The Middleham Jewel and Richard III….

  Among the treasures going on display at the Yorkshire Museum is the Middleham Jewel (see above). Of course, the National Portrait Gallery painting of Richard III (see below) is also going on display, because Yorkshire has a great attachment to the king who, as Duke of Gloucester, lived there for many years. The Middleham… Continue reading The Middleham Jewel and Richard III….

Book Review: Daughters of Chivalry: The Forgotten Children of Edward I by Kelcey Wilson-Lee

Originally posted on Giaconda's Blog:
Having enjoyed ‘Blood Sisters’ and ‘Game of Queens’ by Sarah Gristwood and Helen Castor’s ‘She-Wolves’, I was interested to read this book on the daughters of Edward I and it is very much in-line with their re-evaluations of the lives of aristocratic medieval and renaissance women and their too-often…

Modern woman just would not kowtow as expected to in the past. . .!

  There are times when researching the past is, for a woman of today, a very insulting experience. This morning at the hairdresser I dipped into a book called Medieval Maidens: Young Women and Gender in England, 1270-1540. (No Hello, Heat or OK for me!) Yes, I knew before I started that I wouldn’t like… Continue reading Modern woman just would not kowtow as expected to in the past. . .!

The abduction of Jane Sacherverell in November 1485….

Stealing women (and also male wards) was a shamefully common event, especially in the 14th century, as I wrote yesterday. But it was still going on in the 15th century. Richard legislated on behalf of women, but so did Henry VII, with a 1487 “Acte against taking awaye of Women against theire Willes”. The following… Continue reading The abduction of Jane Sacherverell in November 1485….

Women were abducted in medieval England….

The above book, Stolen Women in Medieval England, by Caroline Dunn, is subtitled Rape, Abduction and Adultery 1100-1500. This subtitle is well earned, because all three activities become very tangled indeed in those records that survive of cases that reached courts. The general impression the modern world has of medieval women is that they were… Continue reading Women were abducted in medieval England….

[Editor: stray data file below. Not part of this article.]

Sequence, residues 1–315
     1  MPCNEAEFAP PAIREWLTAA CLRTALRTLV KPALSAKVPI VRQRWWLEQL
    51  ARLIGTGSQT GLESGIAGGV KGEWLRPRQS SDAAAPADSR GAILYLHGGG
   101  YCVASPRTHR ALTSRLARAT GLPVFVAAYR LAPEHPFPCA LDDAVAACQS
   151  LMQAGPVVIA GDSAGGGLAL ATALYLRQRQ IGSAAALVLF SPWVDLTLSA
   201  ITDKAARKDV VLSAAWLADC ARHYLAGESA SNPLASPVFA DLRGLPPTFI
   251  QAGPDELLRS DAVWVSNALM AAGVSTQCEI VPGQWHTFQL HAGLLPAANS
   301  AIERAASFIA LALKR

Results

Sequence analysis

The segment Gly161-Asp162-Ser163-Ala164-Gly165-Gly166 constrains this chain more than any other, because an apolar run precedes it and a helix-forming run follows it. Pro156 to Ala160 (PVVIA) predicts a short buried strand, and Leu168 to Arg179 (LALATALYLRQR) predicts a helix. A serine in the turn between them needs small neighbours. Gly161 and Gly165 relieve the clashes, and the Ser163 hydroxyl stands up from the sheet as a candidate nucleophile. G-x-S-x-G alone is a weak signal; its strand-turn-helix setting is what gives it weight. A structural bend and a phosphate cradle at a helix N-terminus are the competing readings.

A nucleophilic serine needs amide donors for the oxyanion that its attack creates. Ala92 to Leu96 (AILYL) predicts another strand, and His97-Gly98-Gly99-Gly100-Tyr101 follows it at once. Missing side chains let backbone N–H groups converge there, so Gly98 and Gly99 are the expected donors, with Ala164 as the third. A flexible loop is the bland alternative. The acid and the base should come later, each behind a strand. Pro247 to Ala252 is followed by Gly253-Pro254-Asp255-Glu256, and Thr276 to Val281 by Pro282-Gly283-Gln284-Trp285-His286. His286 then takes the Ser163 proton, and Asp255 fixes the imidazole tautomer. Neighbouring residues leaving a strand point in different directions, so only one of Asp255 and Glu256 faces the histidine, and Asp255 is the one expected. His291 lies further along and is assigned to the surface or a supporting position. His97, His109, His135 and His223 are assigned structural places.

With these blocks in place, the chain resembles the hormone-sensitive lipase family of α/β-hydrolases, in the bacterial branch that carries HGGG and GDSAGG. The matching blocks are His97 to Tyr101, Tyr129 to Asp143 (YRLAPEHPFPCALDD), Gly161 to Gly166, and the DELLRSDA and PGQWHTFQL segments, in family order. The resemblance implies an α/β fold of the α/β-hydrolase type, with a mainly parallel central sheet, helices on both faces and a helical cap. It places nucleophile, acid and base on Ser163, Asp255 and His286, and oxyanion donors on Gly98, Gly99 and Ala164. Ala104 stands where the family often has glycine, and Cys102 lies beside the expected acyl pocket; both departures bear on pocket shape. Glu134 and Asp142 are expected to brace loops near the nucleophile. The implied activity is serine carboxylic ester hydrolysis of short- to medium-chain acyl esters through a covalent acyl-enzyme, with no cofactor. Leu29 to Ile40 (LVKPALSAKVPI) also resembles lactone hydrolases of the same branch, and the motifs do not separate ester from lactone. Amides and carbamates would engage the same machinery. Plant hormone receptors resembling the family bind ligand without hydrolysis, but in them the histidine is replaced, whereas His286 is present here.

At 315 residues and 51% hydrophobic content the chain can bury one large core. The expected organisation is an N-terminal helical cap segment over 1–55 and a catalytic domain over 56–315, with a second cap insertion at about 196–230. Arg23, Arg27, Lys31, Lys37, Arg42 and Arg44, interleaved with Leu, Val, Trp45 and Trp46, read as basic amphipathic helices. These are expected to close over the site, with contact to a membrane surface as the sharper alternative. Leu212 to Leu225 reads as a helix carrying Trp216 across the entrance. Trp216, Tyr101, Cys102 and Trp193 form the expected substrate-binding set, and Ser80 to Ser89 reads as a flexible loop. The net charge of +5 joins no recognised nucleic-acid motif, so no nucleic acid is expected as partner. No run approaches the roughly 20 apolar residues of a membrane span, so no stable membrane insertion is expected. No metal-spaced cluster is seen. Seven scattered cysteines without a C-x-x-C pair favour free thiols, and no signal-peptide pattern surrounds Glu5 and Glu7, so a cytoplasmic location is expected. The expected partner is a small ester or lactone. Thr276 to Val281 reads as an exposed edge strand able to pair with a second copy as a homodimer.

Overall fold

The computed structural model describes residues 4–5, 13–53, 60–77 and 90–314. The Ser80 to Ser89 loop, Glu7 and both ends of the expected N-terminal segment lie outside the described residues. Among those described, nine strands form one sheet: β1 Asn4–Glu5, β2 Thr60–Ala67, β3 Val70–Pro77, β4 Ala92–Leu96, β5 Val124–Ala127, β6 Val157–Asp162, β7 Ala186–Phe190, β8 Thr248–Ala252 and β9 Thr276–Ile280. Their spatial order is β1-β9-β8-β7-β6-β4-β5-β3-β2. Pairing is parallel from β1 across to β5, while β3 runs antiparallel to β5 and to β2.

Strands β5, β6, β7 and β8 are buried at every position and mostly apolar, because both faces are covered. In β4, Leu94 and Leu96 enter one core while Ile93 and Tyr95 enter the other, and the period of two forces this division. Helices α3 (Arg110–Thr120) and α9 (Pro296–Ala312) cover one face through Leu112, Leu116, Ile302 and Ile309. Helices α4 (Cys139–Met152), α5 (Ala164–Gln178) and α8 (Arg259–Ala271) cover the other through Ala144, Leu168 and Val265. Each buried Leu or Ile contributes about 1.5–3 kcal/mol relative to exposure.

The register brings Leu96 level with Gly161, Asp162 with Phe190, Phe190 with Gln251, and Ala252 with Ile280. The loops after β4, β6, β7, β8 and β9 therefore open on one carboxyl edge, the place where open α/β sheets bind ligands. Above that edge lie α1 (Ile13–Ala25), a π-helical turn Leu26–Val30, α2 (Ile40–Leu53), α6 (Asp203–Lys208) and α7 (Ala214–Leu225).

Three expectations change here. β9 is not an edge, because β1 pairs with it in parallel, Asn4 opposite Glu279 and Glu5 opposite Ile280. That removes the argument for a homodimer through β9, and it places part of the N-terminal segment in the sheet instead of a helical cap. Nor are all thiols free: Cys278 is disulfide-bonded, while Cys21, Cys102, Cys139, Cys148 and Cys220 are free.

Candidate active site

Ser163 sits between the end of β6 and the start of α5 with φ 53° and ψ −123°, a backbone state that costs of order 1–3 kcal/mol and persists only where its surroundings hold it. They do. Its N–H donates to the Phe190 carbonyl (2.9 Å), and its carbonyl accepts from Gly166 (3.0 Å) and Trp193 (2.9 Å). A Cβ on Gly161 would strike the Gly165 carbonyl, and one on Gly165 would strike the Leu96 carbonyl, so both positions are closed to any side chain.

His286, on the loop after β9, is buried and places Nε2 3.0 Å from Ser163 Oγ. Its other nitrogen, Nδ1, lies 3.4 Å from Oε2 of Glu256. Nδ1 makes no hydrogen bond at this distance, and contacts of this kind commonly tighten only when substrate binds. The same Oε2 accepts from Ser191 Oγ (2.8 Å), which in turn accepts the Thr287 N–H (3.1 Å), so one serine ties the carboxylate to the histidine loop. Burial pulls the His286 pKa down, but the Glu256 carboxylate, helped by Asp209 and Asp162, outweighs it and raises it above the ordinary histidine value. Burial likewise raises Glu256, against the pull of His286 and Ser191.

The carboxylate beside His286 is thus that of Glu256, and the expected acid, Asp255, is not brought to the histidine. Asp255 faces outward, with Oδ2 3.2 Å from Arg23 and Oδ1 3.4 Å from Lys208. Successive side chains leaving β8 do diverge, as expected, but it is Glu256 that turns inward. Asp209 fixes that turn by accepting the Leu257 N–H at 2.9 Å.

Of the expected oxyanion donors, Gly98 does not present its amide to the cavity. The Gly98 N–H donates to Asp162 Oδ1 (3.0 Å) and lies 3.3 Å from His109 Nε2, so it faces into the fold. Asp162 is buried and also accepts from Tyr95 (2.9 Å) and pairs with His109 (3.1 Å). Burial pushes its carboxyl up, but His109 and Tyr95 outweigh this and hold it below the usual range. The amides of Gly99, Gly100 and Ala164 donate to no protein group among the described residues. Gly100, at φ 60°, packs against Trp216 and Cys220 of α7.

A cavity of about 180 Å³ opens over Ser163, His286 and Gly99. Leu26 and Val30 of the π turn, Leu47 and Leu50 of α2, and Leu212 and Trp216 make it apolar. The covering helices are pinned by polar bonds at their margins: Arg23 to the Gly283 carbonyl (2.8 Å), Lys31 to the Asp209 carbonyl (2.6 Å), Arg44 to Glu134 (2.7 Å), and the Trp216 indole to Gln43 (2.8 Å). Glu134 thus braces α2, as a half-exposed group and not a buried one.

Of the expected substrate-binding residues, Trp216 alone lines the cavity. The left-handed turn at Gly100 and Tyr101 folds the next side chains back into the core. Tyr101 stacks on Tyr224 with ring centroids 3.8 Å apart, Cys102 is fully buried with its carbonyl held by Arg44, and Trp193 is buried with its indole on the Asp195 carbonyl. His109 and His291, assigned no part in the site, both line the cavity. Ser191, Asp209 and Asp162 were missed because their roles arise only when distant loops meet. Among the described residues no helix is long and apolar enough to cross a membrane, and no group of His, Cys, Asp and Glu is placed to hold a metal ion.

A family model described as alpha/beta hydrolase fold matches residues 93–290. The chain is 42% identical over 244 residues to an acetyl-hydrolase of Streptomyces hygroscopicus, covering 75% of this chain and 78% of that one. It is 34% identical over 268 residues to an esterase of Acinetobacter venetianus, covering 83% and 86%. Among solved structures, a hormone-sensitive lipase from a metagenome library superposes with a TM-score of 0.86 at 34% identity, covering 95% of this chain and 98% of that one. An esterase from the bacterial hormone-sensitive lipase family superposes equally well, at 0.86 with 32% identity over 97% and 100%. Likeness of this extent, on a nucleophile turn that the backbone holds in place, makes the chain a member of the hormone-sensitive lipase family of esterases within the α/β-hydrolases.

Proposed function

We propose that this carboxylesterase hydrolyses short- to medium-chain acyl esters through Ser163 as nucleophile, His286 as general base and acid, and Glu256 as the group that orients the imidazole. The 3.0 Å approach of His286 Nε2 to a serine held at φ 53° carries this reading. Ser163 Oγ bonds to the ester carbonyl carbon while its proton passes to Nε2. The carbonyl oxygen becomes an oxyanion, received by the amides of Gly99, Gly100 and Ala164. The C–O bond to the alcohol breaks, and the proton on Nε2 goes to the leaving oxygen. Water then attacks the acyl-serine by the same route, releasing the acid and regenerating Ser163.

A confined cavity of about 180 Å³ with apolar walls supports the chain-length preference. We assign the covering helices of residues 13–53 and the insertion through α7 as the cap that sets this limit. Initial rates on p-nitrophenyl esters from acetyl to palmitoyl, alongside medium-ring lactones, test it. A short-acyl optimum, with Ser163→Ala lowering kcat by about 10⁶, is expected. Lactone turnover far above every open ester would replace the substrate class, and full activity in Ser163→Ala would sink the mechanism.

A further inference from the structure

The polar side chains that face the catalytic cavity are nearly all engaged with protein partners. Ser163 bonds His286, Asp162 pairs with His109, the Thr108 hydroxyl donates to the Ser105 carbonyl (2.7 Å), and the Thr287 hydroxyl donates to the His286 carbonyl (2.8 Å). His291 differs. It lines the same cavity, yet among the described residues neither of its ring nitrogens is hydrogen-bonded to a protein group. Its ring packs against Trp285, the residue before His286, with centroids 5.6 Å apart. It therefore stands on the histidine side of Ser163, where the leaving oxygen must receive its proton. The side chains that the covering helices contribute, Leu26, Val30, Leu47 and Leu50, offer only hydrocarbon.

The female of the species was as deadly as the male. Well, almost….

When we think of medieval women, in particular the ladies, we are inclined to label them a little as is the following two illustrations. Simpering, sighing and generally being soppy over their menfolk. As above. There they are at a tournament, looking star-struck, and only good for making cow-eyes at the men and presenting the… Continue reading The female of the species was as deadly as the male. Well, almost….

Was Richard II a fourteenth-century Peter Pan….?

Richard II is my second favourite king (you all know who’s first!) and both are controversial, albeit for very different reasons. One of the charges against Richard II is that he was something of a Peter Pan, and did not want to grow up. He had portraits painted depicting him as a boy, when he… Continue reading Was Richard II a fourteenth-century Peter Pan….?

‘Blood Sisters’: A Review of Seven Royal lives

Originally posted on Giaconda's Blog:
Sarah Gristwood’s book, ‘Blood Sisters’ looks at the lives and reputations of seven key women who lived through the tumultuous and deadly years of the ‘Cousins War’ in C15th England and who changed the course of our national story by their actions. I particularly wanted to read this book…

Mediaeval women who got the man they wanted . . . .

  There was an interesting Facebook post on 2nd May, by Lyndel Grover, drawing attention to a blog about Joan of Acre, who lived in the 13th century. http://historytheinterestingbits.com/2015/04/30/rebel-princess/. It made me think about other mediaeval women who had done what Joan did. By that I mean, marry the man they wanted, not the choice… Continue reading Mediaeval women who got the man they wanted . . . .